Maryland’s lead law requires owners of pre-1978 rental dwelling units to register their properties and reduce the potential for children’s exposure to lead paint hazards by performing specific lead risk reduction treatments prior to each change in tenancy.

Under the Maryland lead law, the Department of the Environment: assures compliance with mandatory requirements for lead risk reduction in rental units built before 1978; maintains a statewide listing of registered and inspected units; and provides blood lead surveillance through a registry of test results of all children tested in Maryland. The lead program also: oversees case management follow-up by local health departments for children with elevated blood lead levels; certifies and enforces performance standards for inspectors and contractors conducting lead hazard reduction; and performs environmental investigations of lead poisoned children. The lead program provides oversight for community education to parents, tenants, rental property owners, home owners and health care providers to enhance their roles in lead poisoning prevention. Maryland works in partnership with the U.S. Environmental Protection Agency, Baltimore City and other local governments and non-profit organizations such as the Green & Healthy Homes Initiative to prevent childhood lead poisoning.


“We are making progress in the battle against childhood lead poisoning in Maryland. The Maryland Department of the Environment is committed to reducing exposure to lead in newer rental homes now covered under Maryland’s lead law and to enforcing the law for older rental units, including those in Baltimore City. We will work closely with our partners, such as the Department of Health, the Department of Housing and Community Development, Baltimore City, the Green & Healthy Homes Initiative, and the U.S. EPA to eliminate this completely preventable disease.”

–  Ben Grumbles, Secretary, Maryland Department of the Environment

“We are extremely pleased with the progress that the State’s health care providers, parents, and advocates have made over the last year in testing more children for lead, in conjunction with the Department of Health and the Department of Environment.  Together with the State’s recently announced efforts to increase resources for lead abatement and environmental case management through Medicaid and the Children’s Health Insurance Program, the increased testing helps to fulfill the State’s commitment to reduce and eliminate childhood lead poisoning in Maryland.”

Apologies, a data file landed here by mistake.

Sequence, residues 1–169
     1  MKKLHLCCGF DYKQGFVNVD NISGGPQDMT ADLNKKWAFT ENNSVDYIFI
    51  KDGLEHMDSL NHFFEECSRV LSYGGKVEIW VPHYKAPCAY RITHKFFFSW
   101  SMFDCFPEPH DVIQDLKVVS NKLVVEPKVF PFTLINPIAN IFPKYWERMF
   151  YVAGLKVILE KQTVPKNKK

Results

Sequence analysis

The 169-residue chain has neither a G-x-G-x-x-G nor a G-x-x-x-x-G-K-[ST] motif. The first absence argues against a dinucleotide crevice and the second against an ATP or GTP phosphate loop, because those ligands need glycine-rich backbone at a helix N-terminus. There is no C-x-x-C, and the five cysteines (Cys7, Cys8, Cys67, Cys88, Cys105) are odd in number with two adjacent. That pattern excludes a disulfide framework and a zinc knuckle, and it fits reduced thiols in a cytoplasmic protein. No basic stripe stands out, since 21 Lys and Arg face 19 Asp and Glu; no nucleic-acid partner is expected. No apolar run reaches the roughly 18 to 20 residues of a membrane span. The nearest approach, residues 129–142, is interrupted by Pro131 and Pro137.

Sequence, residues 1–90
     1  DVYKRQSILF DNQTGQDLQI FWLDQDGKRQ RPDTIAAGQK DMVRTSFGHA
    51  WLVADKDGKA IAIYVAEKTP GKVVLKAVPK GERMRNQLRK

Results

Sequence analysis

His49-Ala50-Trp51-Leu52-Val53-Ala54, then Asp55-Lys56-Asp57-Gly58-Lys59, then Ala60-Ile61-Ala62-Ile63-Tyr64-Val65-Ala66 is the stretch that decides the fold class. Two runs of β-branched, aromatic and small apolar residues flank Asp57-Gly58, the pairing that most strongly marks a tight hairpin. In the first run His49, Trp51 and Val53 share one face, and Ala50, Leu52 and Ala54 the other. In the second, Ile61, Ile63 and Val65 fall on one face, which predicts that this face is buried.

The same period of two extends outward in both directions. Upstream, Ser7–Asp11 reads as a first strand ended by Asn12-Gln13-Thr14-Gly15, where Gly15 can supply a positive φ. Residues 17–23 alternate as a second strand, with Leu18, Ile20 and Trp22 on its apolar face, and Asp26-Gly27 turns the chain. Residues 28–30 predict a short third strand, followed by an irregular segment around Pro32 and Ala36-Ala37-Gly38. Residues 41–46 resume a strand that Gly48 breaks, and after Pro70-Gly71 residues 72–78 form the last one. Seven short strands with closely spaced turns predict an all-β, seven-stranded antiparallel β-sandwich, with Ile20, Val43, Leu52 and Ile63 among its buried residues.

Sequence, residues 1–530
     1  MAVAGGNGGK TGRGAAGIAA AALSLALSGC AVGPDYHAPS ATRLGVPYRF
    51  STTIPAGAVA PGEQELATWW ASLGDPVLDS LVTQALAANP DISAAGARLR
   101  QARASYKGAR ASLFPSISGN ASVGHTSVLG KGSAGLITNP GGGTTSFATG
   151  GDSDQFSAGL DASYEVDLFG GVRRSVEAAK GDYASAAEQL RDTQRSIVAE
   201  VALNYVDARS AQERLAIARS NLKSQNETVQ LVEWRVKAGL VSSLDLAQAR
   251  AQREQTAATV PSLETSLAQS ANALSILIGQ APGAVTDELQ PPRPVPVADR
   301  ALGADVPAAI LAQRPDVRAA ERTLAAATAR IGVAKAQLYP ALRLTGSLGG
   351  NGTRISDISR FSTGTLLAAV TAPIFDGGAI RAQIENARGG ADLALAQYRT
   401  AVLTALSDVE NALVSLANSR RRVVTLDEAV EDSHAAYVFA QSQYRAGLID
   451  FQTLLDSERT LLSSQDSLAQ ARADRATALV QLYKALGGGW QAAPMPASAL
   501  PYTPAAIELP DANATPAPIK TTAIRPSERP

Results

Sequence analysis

–  Jinlene Chan, Acting Deputy Secretary for Public Health Services, Maryland Department of Health

“The Department of Housing and Community Development is proud to partner with the Department of the Environment and the Department of Health to support lead paint abatement in our state’s communities. Programs like the Lead Hazard Reduction Loan and Grant Program have been instrumental in the reduction of childhood lead poisoning cases and new initiatives like Healthy Homes for Healthy Kids will enable us to continue our positive progress to protect Maryland’s children from exposure to lead.”

–  Matt Heckles, Assistant Secretary, Maryland Department of Housing and Community Development

Additional information

2016 Maryland Childhood Lead Registry Annual Surveillance Report

Graphic: Childhood blood lead surveillance statewide 1993-2016

Graphic: Childhood blood lead surveillance Baltimore City 1993-2016

Graphic: Change in 2016 Maryland blood testing rates by county

Lead Poisoning Prevention Week proclamation

Maryland Department of the Environment Lead Poisoning Prevention Program

Maryland lead law fact sheet

Maryland Department of Health

Maryland Department of Housing and Community Development

Baltimore City Health Department


Green & Healthy Homes Initiative


Media Contacts:

DHCD: Sara Luell, sara.luell@maryland.gov301-429-7803

Health: Brittany Fowler, Brittany.fowler@maryland.gov410-767-1368

MDE: Jay Apperson, jay.apperson@maryland.gov410-537-3003